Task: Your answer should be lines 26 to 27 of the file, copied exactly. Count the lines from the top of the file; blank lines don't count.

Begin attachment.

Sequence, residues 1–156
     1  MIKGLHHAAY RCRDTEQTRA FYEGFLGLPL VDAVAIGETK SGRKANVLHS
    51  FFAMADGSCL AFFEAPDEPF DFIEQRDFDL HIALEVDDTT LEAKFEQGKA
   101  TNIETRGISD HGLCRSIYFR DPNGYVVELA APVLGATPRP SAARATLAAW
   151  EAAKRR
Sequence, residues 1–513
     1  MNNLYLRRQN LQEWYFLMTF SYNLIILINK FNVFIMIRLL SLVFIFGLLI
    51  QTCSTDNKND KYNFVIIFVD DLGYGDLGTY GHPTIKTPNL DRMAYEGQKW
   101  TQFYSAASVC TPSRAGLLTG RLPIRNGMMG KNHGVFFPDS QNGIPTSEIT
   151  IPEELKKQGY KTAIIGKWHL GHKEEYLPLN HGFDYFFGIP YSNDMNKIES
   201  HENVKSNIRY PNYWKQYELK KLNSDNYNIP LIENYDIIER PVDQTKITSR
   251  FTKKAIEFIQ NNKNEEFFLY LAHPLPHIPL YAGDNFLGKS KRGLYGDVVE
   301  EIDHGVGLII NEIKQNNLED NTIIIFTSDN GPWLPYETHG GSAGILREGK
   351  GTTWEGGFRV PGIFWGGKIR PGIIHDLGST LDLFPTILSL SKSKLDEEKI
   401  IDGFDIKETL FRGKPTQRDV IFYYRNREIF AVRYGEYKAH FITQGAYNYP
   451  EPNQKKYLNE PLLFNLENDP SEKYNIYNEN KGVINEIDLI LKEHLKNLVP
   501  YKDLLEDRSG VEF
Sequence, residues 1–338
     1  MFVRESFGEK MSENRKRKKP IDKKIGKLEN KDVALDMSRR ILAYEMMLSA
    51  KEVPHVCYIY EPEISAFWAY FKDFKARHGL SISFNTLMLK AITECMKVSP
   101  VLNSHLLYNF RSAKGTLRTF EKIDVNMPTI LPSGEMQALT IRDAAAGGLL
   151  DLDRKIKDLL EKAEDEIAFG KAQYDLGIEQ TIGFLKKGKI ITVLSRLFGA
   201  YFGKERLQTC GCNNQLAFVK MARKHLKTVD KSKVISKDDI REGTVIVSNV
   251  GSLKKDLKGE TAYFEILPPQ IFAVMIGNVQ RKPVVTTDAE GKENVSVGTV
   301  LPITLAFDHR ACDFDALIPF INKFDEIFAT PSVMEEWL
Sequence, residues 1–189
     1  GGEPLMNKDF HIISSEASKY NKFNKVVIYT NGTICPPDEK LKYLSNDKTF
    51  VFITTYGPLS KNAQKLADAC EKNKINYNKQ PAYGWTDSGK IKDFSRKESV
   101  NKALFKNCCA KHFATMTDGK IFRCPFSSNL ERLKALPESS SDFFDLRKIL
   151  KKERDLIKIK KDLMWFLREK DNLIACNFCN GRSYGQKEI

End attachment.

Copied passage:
Sequence, residues 1–189
     1  GGEPLMNKDF HIISSEASKY NKFNKVVIYT NGTICPPDEK LKYLSNDKTF